At a crowded park full of mothers and their children, Moranbah Mayor Anne Baker is reminded of her hope for the town.

“We need to have permanency and people living in the community,” she said.

Moranbah’s population has always fluctuated in sync with the coal mining industry, and the latest downturn could force more residents to leave.

“It’s not a new risk, which is why I say people need to learn from the past,” she said.

“I’m asking for [mining companies] not to have such a slash-and-burn approach.”

Natalie Oram moved to Moranbah with her family last year, and while it took some getting used to, they have come to love the area.

The town has, however, become considerably quieter since they first arrived and the possibility of further job cuts weighs heavily on their minds.

“People are going to have to move if they’re going to lose their jobs because that’s what brings you here,” she said.

“My husband’s still got his job, so we’ll just have to see what happens.”

http://www.abc.net.au/news/2014-10-15/moranbah-businesses-struggle-as-mining-production-slows/5816290

Low price, oversupply is coal’s double whammy

AN INDUSTRY analyst has blamed factors in addition to a low coal price for the closure of Isaac Plains Coal Mine.

CQUniversity senior lecturer in management and organisational behaviour Paul Weight said there were two reasons for yesterday’s announcement.

“One of them is certainly a drop in the coal price,” he said.

“The second one is an oversupply of coal.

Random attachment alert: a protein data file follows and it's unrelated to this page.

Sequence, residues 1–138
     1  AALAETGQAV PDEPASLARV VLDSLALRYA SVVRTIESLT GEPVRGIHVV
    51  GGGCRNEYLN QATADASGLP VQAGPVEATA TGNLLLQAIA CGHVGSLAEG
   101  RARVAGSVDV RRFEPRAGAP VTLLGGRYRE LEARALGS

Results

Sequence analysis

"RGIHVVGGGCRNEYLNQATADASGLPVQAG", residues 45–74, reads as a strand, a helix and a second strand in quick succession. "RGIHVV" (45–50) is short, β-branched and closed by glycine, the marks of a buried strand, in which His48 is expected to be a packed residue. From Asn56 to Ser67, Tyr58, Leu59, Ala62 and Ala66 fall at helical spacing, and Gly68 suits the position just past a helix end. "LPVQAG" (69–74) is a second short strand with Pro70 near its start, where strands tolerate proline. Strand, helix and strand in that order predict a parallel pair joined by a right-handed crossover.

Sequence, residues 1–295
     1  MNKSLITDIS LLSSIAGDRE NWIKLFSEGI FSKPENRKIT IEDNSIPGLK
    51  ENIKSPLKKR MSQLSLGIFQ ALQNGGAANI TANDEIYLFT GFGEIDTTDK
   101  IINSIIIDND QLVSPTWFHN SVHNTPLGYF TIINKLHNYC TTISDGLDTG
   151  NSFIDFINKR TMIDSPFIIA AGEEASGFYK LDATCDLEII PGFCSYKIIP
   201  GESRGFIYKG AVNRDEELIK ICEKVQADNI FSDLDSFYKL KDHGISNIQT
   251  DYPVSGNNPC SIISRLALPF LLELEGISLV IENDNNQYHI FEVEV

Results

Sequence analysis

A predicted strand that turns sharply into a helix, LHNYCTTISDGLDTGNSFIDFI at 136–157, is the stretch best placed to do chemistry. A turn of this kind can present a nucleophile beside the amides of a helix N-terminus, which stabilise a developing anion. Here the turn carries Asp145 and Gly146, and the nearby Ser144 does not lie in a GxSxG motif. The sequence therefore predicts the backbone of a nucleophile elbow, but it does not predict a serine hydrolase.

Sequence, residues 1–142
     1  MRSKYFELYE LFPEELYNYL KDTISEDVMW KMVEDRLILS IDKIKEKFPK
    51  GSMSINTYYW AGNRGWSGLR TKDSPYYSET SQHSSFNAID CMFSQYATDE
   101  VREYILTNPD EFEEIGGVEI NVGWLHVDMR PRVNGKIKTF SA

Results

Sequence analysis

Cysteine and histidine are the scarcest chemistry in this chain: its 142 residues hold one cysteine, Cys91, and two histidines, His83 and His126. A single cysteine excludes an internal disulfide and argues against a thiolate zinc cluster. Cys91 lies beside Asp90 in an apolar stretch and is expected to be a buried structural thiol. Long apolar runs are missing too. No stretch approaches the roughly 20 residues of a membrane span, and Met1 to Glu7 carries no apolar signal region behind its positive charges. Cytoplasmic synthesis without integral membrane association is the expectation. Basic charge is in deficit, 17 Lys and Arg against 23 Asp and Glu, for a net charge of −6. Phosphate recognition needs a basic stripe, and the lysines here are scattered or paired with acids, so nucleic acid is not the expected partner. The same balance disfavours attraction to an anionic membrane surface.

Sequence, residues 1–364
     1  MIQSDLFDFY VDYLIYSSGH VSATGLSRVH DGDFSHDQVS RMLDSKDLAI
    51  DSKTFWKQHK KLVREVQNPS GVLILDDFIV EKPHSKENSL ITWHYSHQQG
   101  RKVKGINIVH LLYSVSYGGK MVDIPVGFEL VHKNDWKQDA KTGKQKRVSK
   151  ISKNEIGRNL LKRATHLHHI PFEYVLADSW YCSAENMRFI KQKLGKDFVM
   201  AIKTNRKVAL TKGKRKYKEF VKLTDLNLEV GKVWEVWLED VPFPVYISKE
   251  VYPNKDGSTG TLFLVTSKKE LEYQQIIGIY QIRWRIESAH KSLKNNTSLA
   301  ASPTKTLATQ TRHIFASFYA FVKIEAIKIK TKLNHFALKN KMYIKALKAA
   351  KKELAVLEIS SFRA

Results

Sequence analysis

“Australia isn’t the only country that produces coal. We have to compete with the coal coming out of Indonesia, South America, Siberia and more.

“If you are running a coal mine in Indonesia, for example, it costs a lot less than it does in Australia.”

Mr Weight said mining companies could have been managed better to prevent losses.

“One of the things mining houses can do better is to run their companies in a much more lean fashion,” he said, “whereby they always have an eye out on expenditure and cost.

“When companies are making a lot of money, many are bedding out and employ more people that they don’t really need.”

However, Mr Weight said there was no easy solution in economically challenging times.

“Most of the mining houses are international companies, with many mines,” he said.

“If a mine becomes uneconomical, they’ll just close it down and open it again when the coal price recovers.”

Mr Weight said there was a glut of coal in the market.

“China stockpiled coal during the financial crisis and is not buying as much now,” he said. “The value of coal is reducing. When coal cost $120 a tonne things were great, but at $85 or $90 a tonne it’s not viable.

“The bottom line is when the price of coal is less than what it costs to get it out of the ground, it’s not a viable project.”

 

Fears house prices will be hit hard

THE announcement Isaac Plains Mine in the Bowen Basin will close early next year has put property investors on edge.

Moranbah real estate agent Geoff Williams said consumer confidence in the town had dropped.

“There are a lot of investors here who are really hurting badly,” he said.

Current Moranbah house prices were similar to prices in 2004, Mr Williams said.

“The average house price is in the vicinity of $400,000 to $420,000.

“This is unusual for the last two years, but historically Moranbah house prices have always gone up and down.

“Prices were held up because there were some really good quality investments.”